The Start Menu, a highly important and desired interface in Windows Explorer, was introduced by Microsoft in 1995 with the release of the revolutionary OS of the time, Windows 95. The start menu is such an important part of Windows, major criticism followed the replacement of the start menu with the much-hated Start Screen in Windows 8. There was so much critizism that Microsoft brought it back in 2015 with the release of Windows 10. In Windows 10, you can remove all of the live tiles to the left of your list of programs to make it truly look like a start menu again.
Start has grown, changed, and even has previously been removed as previously mentioned. There is so much history that we have created a few sections for you to look at below explaining how Start has changed in the past couple of decades.
The Early Days of Start in 9x and NT based OS' (1995-1999)
The start menu was officially released in Windows 95 in August of 1995. The start menu and taskbar are the features that made Windows 95 so revolutionary. These features increased the usability of Windows ten-fold. (No pun intended)
You could actually get such a mode in Windows XP and Vista as well by choosing the Classic Start option.
In its early stages, it only had a list containing Programs, Documents, Help, Run and the Shutdown option. The Start menu quickly become popular because of its ease of use and ability to quickly allow the user to find programs and files without the trouble of having to find them in File Explorer.
The Redesign of Start in Whistler and Windows XP (1999-2006)
Whistler 2250 was the first build to introduce the redesigned start menu. The redesign quickly began to form into the XP Start Menu that we know of today taking around 6 builds to fully develop (though the editor thinks that the one in build 2267 is pretty elegant).
So then XP came along and widened the Start menu to two columns. The first column contains the programs that are most frequently used, and the second column contains Control Panel, Run, Your Personal files, and much more. Unlike the Whistler start menu previously shown, Windows XP shows the name and profile picture instead of only the name of the user. The start menu at this stage still contains the Log Off and Power buttons.
Despite the new redesign, Vista and XP still allowed you to switch back to the classic menu from 9x and 2000.
Improving on Start in Windows Vista and 7 (2006-2012)
5 years after the release of Windows XP and the debut of the redesigned start menu, Vista arrived with the new Aero-based start menu. The general outline of the start menu was the same, but the style of the start menu had changed quite a bit. New options were added such as Devices and Printers, Help and Support, and Default Programs. It still showed your recently used programs and any programs you'd like to add to it. One major difference that people disliked in Vista is the fact that there was a power button there that actually hibernated the PC instead of shutting it down. Due to some backlash over the so-called "fake" power button, however, this was fixed in Windows 7 with text stating that the said button would shut down the computer. Search was also integrated into Vista/7's start menu to allow the user to search for files and programs much, much easier. Search is a feature that is still available today.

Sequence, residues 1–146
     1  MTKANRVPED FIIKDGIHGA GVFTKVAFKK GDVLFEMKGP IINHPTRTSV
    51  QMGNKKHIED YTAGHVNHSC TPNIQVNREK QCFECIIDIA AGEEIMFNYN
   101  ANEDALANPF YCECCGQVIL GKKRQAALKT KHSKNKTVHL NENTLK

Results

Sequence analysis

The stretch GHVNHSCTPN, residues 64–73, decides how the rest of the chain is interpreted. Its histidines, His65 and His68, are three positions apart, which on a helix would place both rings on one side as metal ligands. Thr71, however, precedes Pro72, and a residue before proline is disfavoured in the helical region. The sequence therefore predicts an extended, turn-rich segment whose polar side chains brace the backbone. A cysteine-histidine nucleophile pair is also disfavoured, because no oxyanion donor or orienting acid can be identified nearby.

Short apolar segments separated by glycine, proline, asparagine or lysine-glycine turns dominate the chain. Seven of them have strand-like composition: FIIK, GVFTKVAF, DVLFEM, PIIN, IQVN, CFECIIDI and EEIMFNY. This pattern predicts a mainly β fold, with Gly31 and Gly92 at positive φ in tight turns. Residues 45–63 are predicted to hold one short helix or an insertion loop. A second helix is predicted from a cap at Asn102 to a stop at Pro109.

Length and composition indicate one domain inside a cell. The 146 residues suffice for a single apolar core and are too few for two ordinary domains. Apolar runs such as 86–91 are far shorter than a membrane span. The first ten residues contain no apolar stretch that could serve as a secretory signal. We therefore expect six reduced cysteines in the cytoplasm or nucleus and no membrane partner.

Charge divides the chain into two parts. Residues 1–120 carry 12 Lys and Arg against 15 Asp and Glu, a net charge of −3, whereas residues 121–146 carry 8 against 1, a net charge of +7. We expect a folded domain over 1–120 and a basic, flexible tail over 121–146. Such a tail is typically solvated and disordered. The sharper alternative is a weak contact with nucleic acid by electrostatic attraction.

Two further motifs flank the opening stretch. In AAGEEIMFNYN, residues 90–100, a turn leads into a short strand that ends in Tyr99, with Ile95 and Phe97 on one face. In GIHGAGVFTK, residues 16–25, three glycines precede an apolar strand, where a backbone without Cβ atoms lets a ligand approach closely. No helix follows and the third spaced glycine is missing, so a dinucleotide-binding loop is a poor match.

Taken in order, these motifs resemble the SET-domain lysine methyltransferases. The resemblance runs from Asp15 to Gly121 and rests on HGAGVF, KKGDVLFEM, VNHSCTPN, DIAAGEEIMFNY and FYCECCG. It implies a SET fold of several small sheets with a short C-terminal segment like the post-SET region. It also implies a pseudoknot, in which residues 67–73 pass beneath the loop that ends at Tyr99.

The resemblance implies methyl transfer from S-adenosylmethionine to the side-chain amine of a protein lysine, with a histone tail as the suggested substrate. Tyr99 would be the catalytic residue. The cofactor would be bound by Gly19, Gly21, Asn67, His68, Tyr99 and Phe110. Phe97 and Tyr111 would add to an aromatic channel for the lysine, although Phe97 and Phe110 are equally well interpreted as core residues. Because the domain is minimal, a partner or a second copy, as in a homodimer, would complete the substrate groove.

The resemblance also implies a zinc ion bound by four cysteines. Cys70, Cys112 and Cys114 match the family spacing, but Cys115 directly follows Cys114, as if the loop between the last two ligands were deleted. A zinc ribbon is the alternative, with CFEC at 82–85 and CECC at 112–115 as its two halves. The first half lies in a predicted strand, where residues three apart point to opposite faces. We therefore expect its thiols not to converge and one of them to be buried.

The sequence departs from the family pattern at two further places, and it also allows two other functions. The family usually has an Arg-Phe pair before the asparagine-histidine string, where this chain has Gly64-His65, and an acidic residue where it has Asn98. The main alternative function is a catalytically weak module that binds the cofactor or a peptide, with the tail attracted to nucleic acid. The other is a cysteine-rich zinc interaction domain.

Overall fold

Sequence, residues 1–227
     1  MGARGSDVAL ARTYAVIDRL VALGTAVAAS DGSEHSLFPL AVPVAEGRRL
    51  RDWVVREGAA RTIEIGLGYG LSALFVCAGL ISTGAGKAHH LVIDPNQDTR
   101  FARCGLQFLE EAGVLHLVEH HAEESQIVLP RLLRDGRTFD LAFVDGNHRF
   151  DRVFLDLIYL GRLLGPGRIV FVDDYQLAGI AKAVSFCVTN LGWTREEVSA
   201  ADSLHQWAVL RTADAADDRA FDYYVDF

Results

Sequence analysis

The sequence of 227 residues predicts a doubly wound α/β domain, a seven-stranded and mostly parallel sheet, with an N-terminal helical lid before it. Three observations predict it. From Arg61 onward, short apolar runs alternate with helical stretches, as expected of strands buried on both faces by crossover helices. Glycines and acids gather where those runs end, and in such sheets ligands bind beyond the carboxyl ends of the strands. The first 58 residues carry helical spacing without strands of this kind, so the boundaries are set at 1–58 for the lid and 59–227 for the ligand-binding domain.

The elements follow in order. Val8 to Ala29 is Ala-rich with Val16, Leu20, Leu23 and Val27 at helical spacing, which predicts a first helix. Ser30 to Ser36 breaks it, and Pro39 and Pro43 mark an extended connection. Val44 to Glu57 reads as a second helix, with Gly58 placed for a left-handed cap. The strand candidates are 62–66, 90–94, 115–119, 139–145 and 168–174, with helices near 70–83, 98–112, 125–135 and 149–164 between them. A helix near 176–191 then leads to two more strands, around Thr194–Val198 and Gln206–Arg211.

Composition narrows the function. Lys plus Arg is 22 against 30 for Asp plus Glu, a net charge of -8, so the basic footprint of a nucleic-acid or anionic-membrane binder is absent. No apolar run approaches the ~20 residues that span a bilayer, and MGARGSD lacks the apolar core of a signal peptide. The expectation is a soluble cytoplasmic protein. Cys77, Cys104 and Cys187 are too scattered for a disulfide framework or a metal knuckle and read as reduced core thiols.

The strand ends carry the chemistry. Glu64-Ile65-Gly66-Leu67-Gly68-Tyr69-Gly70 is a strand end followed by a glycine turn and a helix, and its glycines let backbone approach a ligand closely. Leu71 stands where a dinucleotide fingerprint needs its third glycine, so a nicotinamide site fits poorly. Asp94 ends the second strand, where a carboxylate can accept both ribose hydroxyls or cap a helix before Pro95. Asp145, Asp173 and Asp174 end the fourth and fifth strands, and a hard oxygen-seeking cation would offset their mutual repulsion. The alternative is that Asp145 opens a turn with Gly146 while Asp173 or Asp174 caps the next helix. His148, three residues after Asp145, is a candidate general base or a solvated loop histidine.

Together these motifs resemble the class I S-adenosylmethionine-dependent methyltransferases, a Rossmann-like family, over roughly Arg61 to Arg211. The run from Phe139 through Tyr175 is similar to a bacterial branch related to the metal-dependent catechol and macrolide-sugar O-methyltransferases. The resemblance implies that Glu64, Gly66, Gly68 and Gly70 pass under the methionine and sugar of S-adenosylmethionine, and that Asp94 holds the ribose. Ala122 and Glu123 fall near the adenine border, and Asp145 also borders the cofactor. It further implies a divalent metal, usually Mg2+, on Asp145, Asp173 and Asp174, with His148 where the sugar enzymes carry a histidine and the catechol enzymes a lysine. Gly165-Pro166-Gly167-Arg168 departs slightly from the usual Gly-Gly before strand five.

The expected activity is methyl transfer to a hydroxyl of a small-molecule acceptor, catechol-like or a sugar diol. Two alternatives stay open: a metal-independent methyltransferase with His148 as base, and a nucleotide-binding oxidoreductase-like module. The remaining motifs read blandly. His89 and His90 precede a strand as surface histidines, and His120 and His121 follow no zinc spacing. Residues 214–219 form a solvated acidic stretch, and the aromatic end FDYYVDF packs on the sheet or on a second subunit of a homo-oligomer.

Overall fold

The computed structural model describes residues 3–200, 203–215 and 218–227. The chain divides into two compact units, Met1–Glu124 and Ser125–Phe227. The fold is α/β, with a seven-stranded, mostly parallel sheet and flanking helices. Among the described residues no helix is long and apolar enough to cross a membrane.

Windows 7 introduced Jump Lists, which shows the recent websites and other items that you previously used and/or opened in the Recent Programs list. You also had the ability to pin these items to your start menu as you did with Windows XP.
Windows 8 introduced the much-hated Start screen in Windows 8 and removed the start menu completely (which was surprisingly the first time in history that they had done so). This was done as a movement to make Windows more tablet friendly and to fit in with the Metro design language. This move by Microsoft was criticized heavily.
Many people liked the Start menu so much that they installed replacements like Start8 which provided a Windows 7 or Windows XP styled Start menu and occasionally, replacements were included with new PCs of the time.
Windows 10 finally reintroduced the not-so-long-awaited start menu back into Windows, this time with a twist.
Instead of reintroducing the Windows 7 style start menu, they took a page out of Windows 8's book and introduced live tiles to the right of your program list instead of the previous links to your setting and personal files. Also, a full screen most was introduced to continue to make Windows tablet friendly.
The left column has the same purpose as before, while the right column now serves a different purpose. It consists of the live tiles which were present in Windows 8 and 8.1. You could do everything which you could previously do with the live tiles, such as rearranging and increasing/decreasing the size of the tiles.
The backlash previously mentioned is living proof that the start menu will never die. People like it too much.